Local Heroes. (Articles)
Nichols, John, The Nation
Disappointed with Congress? Join the club. Since the GOP consolidated its grip on the House and Senate, the legislative branch has provided little check on President George W. Bush's executive imbalance. But in statehouses across America, progressives are winning fights for social and economic policies--and even achieving some foreign-policy goals--that represent an alternative to the right-wing agenda. Here are eight state legislators who provide examples of leadership that Democrats in Congress ought to emulate.
When Richard Alarcon and John Burton paid a visit to the Golden State Museum in Sacramento last year, they lingered over an exhibit recalling novelist Upton Sinclair's 1934 campaign for governor of the state on a promise to "End Poverty in California." Alarcon recalls turning to his friend and saying, "That's what I want to do." "Let's do it," responded Burton. Idle talk? No. Burton, president of the California State Senate, and Alarcon, the chair of the chamber's Labor and Industrial Relations Committee, created the Senate Select Committee on the Status of Ending Poverty in California. "Our objective is to draft a master plan--a substantive package of legislation, which will be held up as a commitment from our state to end poverty," says Alarcon, who has taken his committee into the day-labor camps, the sweatshops, the homeless centers and the immigrant neighborhoods of a state where 4 million people live in poverty. The goal is to develop programs that will over the coming decade reverse the trend toward increasing poverty. At the same time, Alarcon is going after a root cause of poverty with his "good corporate citizen" bill--one of several such measures being pushed around the country--which would bar corporate directors from performing their duties "at the expense of the environment, human rights, the public health and safety, the communities in which the corporation operates, or the dignity of the corporation's employees."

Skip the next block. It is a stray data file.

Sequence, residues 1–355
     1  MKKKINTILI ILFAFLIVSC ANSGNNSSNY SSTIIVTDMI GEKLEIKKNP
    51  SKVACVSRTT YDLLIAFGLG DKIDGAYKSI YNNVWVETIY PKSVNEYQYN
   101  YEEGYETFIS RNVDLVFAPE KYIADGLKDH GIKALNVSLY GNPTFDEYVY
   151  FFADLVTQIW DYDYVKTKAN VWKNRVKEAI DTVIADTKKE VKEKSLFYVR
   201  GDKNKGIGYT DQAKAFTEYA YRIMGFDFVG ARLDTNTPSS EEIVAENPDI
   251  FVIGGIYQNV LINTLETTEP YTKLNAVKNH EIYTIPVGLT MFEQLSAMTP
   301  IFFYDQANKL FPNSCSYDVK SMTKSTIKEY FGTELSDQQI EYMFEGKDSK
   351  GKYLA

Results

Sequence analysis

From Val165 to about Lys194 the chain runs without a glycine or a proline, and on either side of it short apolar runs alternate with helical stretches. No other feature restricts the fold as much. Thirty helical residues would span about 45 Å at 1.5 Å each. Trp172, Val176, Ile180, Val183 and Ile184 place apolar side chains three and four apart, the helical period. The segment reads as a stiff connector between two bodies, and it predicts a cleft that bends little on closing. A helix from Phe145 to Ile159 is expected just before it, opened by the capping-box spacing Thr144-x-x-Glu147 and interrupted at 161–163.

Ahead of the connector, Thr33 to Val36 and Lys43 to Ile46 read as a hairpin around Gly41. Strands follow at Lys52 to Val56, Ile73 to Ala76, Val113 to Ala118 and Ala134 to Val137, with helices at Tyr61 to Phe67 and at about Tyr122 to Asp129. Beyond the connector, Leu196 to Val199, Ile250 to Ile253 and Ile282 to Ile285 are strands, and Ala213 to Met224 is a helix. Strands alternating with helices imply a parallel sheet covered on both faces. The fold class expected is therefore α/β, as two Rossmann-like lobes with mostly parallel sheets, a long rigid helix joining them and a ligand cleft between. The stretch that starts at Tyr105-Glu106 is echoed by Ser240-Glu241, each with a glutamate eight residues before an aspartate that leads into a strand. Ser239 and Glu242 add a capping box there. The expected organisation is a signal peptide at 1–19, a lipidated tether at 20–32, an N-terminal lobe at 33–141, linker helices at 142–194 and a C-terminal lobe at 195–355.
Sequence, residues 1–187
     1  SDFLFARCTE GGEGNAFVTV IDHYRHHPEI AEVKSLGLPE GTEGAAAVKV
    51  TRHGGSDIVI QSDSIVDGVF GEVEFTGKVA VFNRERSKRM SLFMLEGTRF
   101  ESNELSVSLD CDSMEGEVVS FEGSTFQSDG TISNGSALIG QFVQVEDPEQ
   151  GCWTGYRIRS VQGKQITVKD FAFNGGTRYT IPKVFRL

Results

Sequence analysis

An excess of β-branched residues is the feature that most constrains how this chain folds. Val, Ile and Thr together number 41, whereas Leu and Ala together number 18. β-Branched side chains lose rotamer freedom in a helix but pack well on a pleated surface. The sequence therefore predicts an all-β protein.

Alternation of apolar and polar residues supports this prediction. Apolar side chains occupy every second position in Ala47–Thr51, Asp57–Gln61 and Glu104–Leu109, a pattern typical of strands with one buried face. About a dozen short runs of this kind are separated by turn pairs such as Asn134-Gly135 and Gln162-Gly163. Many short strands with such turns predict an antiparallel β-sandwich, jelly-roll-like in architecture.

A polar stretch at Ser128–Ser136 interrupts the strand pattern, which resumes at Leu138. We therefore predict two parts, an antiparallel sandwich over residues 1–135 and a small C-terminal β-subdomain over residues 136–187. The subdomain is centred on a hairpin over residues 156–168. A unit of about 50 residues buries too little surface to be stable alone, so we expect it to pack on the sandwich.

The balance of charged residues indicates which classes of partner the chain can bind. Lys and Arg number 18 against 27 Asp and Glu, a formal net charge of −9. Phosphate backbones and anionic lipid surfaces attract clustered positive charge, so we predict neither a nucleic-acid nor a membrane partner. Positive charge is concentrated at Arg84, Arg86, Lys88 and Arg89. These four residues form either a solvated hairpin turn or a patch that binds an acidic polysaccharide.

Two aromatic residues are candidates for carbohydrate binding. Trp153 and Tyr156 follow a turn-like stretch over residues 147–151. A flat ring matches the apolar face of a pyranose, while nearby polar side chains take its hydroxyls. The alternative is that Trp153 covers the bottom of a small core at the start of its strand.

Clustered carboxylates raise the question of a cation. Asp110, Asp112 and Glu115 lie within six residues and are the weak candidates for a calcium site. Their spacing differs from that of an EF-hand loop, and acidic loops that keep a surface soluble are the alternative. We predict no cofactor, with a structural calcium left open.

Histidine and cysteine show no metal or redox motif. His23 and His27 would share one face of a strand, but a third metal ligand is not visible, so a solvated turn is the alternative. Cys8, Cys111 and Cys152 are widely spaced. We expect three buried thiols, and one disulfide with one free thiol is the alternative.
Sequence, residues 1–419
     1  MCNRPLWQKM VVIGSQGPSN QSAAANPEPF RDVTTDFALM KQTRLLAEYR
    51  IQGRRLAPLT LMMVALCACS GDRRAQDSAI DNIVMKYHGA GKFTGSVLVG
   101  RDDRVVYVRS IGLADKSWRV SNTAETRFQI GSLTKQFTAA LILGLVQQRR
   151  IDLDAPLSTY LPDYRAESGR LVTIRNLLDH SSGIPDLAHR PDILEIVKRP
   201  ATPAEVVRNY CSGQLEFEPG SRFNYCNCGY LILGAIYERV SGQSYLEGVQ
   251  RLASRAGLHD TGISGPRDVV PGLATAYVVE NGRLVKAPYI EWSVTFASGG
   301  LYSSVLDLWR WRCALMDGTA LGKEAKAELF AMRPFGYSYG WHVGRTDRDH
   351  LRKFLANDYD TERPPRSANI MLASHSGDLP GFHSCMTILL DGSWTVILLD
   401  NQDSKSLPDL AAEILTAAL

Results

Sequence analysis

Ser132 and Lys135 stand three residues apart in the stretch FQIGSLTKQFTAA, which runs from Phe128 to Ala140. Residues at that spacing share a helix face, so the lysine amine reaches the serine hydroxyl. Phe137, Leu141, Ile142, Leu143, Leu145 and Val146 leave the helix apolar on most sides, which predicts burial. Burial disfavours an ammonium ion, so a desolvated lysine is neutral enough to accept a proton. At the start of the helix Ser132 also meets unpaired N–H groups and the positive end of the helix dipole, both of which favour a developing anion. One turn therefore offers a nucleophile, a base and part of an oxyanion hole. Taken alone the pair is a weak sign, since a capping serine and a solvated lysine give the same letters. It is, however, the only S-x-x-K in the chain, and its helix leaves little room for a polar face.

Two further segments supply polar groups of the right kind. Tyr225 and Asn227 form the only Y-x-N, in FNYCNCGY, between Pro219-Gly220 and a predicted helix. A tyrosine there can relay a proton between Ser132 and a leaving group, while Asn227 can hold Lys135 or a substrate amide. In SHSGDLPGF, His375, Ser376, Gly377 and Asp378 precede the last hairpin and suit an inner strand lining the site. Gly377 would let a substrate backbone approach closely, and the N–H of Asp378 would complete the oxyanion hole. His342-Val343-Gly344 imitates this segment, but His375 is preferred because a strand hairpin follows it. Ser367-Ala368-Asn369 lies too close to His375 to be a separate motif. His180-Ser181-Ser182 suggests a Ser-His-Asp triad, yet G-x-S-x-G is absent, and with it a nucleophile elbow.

Then-Governor George W. Bush failed to attend the funeral of James Byrd Jr., the African-American man who was dragged to his death by white supremacists in Jasper, Texas, in 1998. But Bush could not avoid contact with Byrd's family, or the issues his murder raised, because State Representative Senfronia Thompson would not allow him to. Thompson, a Houston Democrat, took the slain man's daughter, Renee Byrd-Mullins, to Bush's office to help lobby for the anti-hate crimes bill Thompson had drafted. It was an unsatisfying meeting, and Thompson told reporters that when Mullins started to cry, "the Governor did not offer a glass of water. Or a Kleenex." Thompson's tough, and effective. Named one of her state's best legislators by Texas Monthly, she regularly proves that even in the cradle of conservatism, it is possible to fight for social justice and win. She got the James Byrd Jr. Hate Crimes Bill, including the protections for gays and lesbians that she insisted upon, passed and signed into law by Bush's successor, conservative Republican Rick Perry. And she got Perry to sign a contraceptive equity bill after a fight that Sarah Wheat of the Texas Abortion and Reproductive Rights Action League calls a classic example of how Thompson operates. "She uses all these tools: charm, humor, persuasion, passion, and if all else fails she will shame them," says Wheat. "If it's a tough fight, we always say: Put Representative Thompson on it, because if she believes in a bill she won't stop until it's law."
State Representative Mark Pocan has never been part of the majority in the Wisconsin State Assembly, yet he hasn't let that detail prevent him from shaping the debate. Elected from liberal Madison in 1998, Pocan knows how to work as an insider--he used a position on the Assembly's criminal justice committee to publicize abuses at the state's supermax prison so effectively that Republicans joined him in pressing for reforms. …